Vermont's Senate Health and Welfare Committee unanimously voted against a bill to regulate and tax independent surgery centers, removing one barrier to a planned 2019 opening of the state's second ASC, VT Digger reports. Here are five key insights.
1. The bill would have imposed care board oversight and various expenses, including a 6 percent provider tax based on net patient revenue and a $2,000 annual licensing fee.
2. In July 2017, a group of physicians gained certificate of need approval to open Vermont's second ASC, Green Mountain Surgery in Colchester. South Burlington-based Vermont Eye Surgery and Laser Center is the only ASC currently operating in the state.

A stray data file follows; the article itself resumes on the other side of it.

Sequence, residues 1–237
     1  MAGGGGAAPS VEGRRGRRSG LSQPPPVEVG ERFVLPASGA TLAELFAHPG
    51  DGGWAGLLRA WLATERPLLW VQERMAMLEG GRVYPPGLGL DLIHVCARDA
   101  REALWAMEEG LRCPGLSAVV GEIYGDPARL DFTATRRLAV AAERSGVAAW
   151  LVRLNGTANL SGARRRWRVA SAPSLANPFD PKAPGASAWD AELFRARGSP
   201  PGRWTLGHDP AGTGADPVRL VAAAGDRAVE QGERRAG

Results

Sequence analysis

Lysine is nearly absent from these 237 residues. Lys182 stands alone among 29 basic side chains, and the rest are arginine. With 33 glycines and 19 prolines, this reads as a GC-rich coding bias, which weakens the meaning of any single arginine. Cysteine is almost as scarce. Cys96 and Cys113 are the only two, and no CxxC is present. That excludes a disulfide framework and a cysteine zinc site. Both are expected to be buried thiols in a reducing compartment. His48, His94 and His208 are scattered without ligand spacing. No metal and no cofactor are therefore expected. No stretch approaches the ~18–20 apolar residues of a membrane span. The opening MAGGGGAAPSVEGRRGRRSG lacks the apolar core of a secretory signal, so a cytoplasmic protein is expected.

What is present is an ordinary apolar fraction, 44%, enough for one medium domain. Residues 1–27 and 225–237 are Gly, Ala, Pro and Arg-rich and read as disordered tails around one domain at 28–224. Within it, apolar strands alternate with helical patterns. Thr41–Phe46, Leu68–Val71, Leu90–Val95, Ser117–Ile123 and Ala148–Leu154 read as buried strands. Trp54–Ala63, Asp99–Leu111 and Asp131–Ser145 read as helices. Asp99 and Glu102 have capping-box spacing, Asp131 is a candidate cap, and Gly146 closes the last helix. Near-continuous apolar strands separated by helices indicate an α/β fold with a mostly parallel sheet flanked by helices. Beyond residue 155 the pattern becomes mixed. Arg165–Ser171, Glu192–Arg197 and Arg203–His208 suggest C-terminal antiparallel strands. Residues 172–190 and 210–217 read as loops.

3. Sen. Claire Ayer, D-Addison, the Senate committee chairwoman who introduced the bill in February, noted some of the proposed regulations were already stipulated in Green Mountain Surgery Center's CON.
"I think we’ve come to a place where we're all not sure that we're ready to move forward with anything," Ms. Ayer told VT Digger. "It's too fast. There are too many open issues."
4. Vermont's regulatory agency, several legislators and ASC advocates had opposed the bill. The lead investor in Green Mountain Surgery Center said it would have added an estimated $650,000 annually to the center's operating budget, making the project unfeasible.
5. Rep. David Yacovone, D-Addison, is the lead sponsor of a companion bill in the House that likely won't advance this session. He remains a proponent of regulating ASCs and imposing the provider tax to create a "level playing field."